Not too much, not too little, but just the right dose to reap the most health benefits!


Before you pour a glass of wine with dinner every night, you might want to take a closer look at the science behind the heart-healthy sales pitch. Red wine-among other things-has earned a reputation as an antioxidant powerhouse that can help ward of disease and signs of aging. While studies show this is true, do you know exactly how much wine test subjects were sipping? And more importantly, will you completely cancel out the benefits if you go overboard?

Use this quick guide to learn the perfect portion size to reap the most rewards of your favorite good-for-you foods and drinks.

Dark Chocolate


Thanks to the nutrients in cocoa beans, pure dark chocolate is full of natural antioxidants. But that certainly doesn't mean you can enjoy as much of this sweet treat as you'd like!

"Snap off a one-inch square for yourself to enjoy each night after dinner," says Amie Valpone, author of The Healthy Apple blog and publisher of online gluten-free magazine Easy Eats. "Too much may constipate you and leave you wired before bedtime. Also, try unsweetened chocolate so you don't have sugar highs and lows."

Coconut Oil


Although coconut oil is a saturated fat, the thick, pasty substance is touted for its many advantages, like helping maintain cholesterol levels or achieve glowing skin and hair. In fact, studies suggest replacing margarine with coconut oil, using it to cook, or adding a spoonful to blended smoothies.

"Coconut oil has a delicious taste and is great when added to recipes for a flavorful punch, but it's not calorie-free," Valpone says. She recommends using only 2 tablespoons a day or less if possible, as even that small amount will pack on about 30 grams of fat.

Red Wine


Any excuse to knock back a glass of Merlot is a welcome one, especially since studies show that the antioxidant compound in red wine, resveratrol, can help combat heart disease. But in this case, too much of a good thing is detrimental to your overall health; heavy consumption of alcohol leads to obesity, liver disease, and an increased risk of cancer, among other things. The rule is to drink in moderation.

"Enjoy a few glasses of wine during the week," Valpone says. "Three glasses a week is okay, but watch the sugar content and extra calories if you're watching your intake."

Green Tea


Catechins, the potent antioxidants found in green tea, make this brew a well-known disease-fighter. But you won't reap the tea's powerful benefits unless you're drinking quite a few cups a day.

"It's safe to say you can have three to four cups a day, although some studies show more can help fight against certain cancers," Valpone says.

That said, you may want to limit your intake, as one cup too many loads your body with caffeine.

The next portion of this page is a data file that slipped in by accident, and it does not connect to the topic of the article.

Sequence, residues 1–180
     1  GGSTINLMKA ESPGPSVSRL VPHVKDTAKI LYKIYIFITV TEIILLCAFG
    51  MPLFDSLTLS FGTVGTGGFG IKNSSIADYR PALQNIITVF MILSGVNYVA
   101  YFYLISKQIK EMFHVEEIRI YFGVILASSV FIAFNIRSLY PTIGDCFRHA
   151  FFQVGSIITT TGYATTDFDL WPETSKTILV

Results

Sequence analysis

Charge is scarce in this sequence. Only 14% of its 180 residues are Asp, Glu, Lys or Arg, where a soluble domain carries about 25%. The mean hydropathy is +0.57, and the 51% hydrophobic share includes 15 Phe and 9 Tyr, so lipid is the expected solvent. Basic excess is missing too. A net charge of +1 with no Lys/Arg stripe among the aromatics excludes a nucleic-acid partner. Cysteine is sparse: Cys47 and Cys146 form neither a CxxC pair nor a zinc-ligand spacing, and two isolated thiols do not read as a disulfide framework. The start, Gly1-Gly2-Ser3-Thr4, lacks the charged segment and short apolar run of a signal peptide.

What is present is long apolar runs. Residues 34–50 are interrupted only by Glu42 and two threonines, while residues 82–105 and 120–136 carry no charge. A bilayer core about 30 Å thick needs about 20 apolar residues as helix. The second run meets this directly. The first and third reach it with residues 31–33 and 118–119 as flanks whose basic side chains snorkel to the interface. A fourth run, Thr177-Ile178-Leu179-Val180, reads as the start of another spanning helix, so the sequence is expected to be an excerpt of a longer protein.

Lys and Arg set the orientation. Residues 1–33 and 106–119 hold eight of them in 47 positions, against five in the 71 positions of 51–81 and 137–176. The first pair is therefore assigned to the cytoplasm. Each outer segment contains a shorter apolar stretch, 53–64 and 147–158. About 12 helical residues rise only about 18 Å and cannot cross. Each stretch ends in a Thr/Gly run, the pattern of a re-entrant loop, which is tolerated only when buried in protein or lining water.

As part of a healthy diet, nuts make a wholesome treat, particularly because they contain unsaturated fatty acids, vitamins, and minerals. But incorporate the caloric snacks into your diet with caution, as you only need a small daily amount to harness their nutritive properties.

"I like to recommend a half cup of almonds a day or 10 to 15 nuts throughout the day enjoyed alone, ground into cookies and pasta dishes for a creamy texture, tossed into salads, or added to smoothies," Valpone says.

Olive Oil


Olive oil is often celebrated for its benefits, closely tied to its monounsaturated fatty acid content and antioxidant properties. And while using olive oil to cook is recommended, it's important to watch your intake.

"Although it's a good fat, [olive oil] comes with 14 grams of fat per tablespoon," Valpone says. "Use 2 tablespoons per day: one in your omelet and one in your stir-fry, then use vinegar or chicken broth for the remainder."



A cup of Joe is a staple in many morning routines, but that's probably where you should stop each day. Though studies show that java's anti-cancer properties put coffee drinkers at a lower risk for colon, breast, and rectal cancers, don't use that as an excuse to chug away.

"Too much coffee can lead to jitters and shakes, as we all know the caffeine can do crazy things," Valpone says. "I'd say one cup a day is fair, but try green or black tea instead since they're less acidic. Three cups of coffee a day is too much!"

Fatty Fish


Fatty, oily fish like salmon, tuna, sardines, and trout are packed with omega-3 fatty acids, the good kind of fats that slow down plaque buildup in your arteries. But they're called fatty fish for a reason and, despite their plethora of health benefits, are still high in calories. In addition, the high levels of mercury in certain fish like tuna are a good reason to curb your weekly intake. "Two servings a week is a great way to get omega-3s," Valpone says.



Smooth, creamy avocado is another example of a healthy fat. When you add avocado to your diet, your body absorbs more lycopene and beta-carotene, two powerful antioxidants.

"These healthy fats pack incredible flavor and pair perfectly on salads, with eggs, or atop poached fish and chicken," Valpone says.

Again, however, too much avocado is unhealthy. "If this is your only source of fat, stick with one per day, but if you are already eating nuts and oils, try one-fourth or half an avocado per day," Valpone recommends.



Antioxidant-rich garlic possesses plenty of anti-cancer benefits, but you don't need to drown your food in it to reap the reweards. "A clove a day or three cloves a week is a great start, as many people aren't fans of garlic," Valphone says. "If you are, toss roasted garlic into your omelets, salads, stir-fries, and protein dishes."

If you're eating bucketfuls of pungent garlic, however, be prepared for the possibility of stomach disorders, diarrhea, and allergic reactions.

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